I am pleased to hear that continuing research into the rare Jaguar, the third largest wild cat, in Corcovado National Park in Costa Rica has turned up some excellent results and pictures…..
This photograph was taken automatically by the camera trap. It is the property of Eduardo Carrillo who worked with Joel Saenz of the National University in Heredia in Costa Rica and of Todd Fuller, University of Massachusetts, Amherst, US on the research. I have used it without permission because I cannot contact them. I am prepared to pay for its use and contribute to the research financially.
The park is “bottom left” on the map above.
Camera trapping (taking photographs automatically when the animal passes in front of the camera) started in 2003 on this project. It was found that the Jaguar:
- frequently feed on peccaries and marine turtles (see image below of a marine turtle)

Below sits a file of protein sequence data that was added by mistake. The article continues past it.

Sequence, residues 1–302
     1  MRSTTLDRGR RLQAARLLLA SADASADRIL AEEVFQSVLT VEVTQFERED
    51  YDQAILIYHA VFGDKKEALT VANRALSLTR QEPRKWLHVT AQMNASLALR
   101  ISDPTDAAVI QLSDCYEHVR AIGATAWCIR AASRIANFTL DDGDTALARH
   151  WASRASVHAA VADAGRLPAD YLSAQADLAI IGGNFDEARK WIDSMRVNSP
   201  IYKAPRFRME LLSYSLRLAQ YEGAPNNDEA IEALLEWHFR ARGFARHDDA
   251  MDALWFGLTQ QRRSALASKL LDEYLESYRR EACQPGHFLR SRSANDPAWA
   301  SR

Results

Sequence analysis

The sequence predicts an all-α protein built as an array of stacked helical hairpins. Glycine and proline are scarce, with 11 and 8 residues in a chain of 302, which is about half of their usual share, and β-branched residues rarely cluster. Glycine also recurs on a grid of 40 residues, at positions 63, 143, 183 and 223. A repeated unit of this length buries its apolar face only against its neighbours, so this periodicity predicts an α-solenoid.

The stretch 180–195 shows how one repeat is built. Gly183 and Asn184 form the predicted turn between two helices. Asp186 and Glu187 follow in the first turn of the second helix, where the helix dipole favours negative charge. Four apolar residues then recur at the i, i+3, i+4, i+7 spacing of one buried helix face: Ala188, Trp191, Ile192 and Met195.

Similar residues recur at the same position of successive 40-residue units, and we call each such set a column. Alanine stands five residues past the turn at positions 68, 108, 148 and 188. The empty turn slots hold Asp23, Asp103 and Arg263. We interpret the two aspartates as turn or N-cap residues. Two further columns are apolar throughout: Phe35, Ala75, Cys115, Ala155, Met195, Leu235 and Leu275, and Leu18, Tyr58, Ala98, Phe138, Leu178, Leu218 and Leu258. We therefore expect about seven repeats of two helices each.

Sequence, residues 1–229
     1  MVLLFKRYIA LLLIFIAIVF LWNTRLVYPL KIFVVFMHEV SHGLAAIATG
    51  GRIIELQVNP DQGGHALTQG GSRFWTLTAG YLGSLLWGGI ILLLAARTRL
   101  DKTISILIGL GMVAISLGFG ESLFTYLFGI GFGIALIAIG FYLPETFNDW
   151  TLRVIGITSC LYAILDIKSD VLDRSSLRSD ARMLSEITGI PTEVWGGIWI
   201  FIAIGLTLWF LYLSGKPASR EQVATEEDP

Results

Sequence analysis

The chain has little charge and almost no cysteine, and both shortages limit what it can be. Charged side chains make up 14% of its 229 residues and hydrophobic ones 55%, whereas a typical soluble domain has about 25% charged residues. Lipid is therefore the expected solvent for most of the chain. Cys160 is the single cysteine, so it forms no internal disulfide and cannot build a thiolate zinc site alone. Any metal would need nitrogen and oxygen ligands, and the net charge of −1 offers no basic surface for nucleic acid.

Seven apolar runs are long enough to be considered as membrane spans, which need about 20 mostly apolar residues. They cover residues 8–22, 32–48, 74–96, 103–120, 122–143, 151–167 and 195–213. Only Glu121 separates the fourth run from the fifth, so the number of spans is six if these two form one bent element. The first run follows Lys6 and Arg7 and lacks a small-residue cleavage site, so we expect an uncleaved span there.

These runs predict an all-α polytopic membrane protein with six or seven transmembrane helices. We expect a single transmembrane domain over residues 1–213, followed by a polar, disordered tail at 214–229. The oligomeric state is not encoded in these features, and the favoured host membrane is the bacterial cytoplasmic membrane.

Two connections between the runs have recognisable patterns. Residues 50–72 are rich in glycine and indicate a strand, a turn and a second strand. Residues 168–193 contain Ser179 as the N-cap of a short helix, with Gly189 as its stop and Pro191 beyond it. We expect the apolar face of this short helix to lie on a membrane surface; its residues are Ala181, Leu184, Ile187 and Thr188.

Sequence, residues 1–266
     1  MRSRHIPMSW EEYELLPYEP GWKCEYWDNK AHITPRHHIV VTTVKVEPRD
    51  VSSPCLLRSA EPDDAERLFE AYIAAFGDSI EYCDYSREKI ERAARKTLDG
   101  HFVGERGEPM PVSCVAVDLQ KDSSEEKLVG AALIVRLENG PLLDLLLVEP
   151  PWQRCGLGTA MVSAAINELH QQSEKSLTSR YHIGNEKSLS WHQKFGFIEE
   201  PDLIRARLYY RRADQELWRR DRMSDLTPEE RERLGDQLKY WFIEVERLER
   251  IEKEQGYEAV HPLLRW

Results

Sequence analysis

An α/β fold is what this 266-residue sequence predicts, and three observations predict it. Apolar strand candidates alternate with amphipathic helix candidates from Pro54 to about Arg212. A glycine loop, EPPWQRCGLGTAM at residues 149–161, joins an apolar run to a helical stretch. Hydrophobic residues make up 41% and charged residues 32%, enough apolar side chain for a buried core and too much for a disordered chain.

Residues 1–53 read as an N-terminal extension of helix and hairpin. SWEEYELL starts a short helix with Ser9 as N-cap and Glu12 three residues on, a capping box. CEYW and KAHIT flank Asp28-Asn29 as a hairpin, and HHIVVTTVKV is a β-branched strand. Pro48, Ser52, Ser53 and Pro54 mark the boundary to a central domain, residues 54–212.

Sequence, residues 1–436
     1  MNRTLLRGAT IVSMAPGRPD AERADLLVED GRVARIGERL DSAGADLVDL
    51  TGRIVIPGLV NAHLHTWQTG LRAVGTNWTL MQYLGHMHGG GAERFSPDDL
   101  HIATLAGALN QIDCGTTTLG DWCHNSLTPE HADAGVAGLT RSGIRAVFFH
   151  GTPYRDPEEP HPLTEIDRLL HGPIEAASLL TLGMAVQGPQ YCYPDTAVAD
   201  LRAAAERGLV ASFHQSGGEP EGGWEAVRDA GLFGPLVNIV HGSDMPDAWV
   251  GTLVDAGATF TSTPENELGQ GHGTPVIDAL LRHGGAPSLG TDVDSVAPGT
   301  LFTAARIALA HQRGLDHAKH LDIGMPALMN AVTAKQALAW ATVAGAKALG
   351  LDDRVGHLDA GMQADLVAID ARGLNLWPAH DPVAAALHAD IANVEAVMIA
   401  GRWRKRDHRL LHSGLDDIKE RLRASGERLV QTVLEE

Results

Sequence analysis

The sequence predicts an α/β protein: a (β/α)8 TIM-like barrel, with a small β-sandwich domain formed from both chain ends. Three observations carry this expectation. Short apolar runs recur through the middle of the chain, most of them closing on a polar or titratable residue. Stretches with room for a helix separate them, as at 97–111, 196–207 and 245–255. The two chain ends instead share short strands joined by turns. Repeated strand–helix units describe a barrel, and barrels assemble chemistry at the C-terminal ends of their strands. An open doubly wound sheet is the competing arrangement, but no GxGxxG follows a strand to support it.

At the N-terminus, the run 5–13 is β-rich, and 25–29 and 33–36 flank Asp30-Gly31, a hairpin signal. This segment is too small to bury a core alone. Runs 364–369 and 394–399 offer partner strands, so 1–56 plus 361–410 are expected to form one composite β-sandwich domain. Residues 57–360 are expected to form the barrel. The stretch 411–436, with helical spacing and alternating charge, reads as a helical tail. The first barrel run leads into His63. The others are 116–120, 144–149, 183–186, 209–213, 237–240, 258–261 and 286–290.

- that a cub born to a tracked mother remained with the mother until 19-20 months of age and also that
- the mother became pregnant again some 22 months later.
Photo: by Jared Kelly
It was concluded that jaguars in the wild give birth every 22-24 months and that the offspring become independent after 18-24 months.
Clearly, it is important to know as much as possible about these particular matters as it goes to the root of concerns regarding the survival of this wild cat.
There are still a number of wild cats, particularly the small ones about which we known very little indeed. See:
As just three examples.
Jaguar Reproductive Behaviour – Source: BBC Earth News
Photo: published under a Attribution-NonCommercial-NoDerivs creative commons License — this site is for charitable purposes in funding cat rescue.